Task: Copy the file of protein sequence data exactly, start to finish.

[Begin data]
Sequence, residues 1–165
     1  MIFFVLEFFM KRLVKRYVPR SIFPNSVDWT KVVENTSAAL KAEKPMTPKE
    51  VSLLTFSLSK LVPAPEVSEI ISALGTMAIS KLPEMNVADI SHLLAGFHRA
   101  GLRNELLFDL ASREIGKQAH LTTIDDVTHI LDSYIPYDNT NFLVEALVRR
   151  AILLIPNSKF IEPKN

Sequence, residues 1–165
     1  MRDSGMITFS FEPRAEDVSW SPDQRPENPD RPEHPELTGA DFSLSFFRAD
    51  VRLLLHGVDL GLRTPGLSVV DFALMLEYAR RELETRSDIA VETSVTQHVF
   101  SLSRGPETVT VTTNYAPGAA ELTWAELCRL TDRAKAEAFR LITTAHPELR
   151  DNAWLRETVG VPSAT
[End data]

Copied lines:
Sequence, residues 1–165
     1  MIFFVLEFFM KRLVKRYVPR SIFPNSVDWT KVVENTSAAL KAEKPMTPKE
    51  VSLLTFSLSK LVPAPEVSEI ISALGTMAIS KLPEMNVADI SHLLAGFHRA
   101  GLRNELLFDL ASREIGKQAH LTTIDDVTHI LDSYIPYDNT NFLVEALVRR
   151  AILLIPNSKF IEPKN

Sequence, residues 1–165
     1  MRDSGMITFS FEPRAEDVSW SPDQRPENPD RPEHPELTGA DFSLSFFRAD
    51  VRLLLHGVDL GLRTPGLSVV DFALMLEYAR RELETRSDIA VETSVTQHVF
   101  SLSRGPETVT VTTNYAPGAA ELTWAELCRL TDRAKAEAFR LITTAHPELR
   151  DNAWLRETVG VPSAT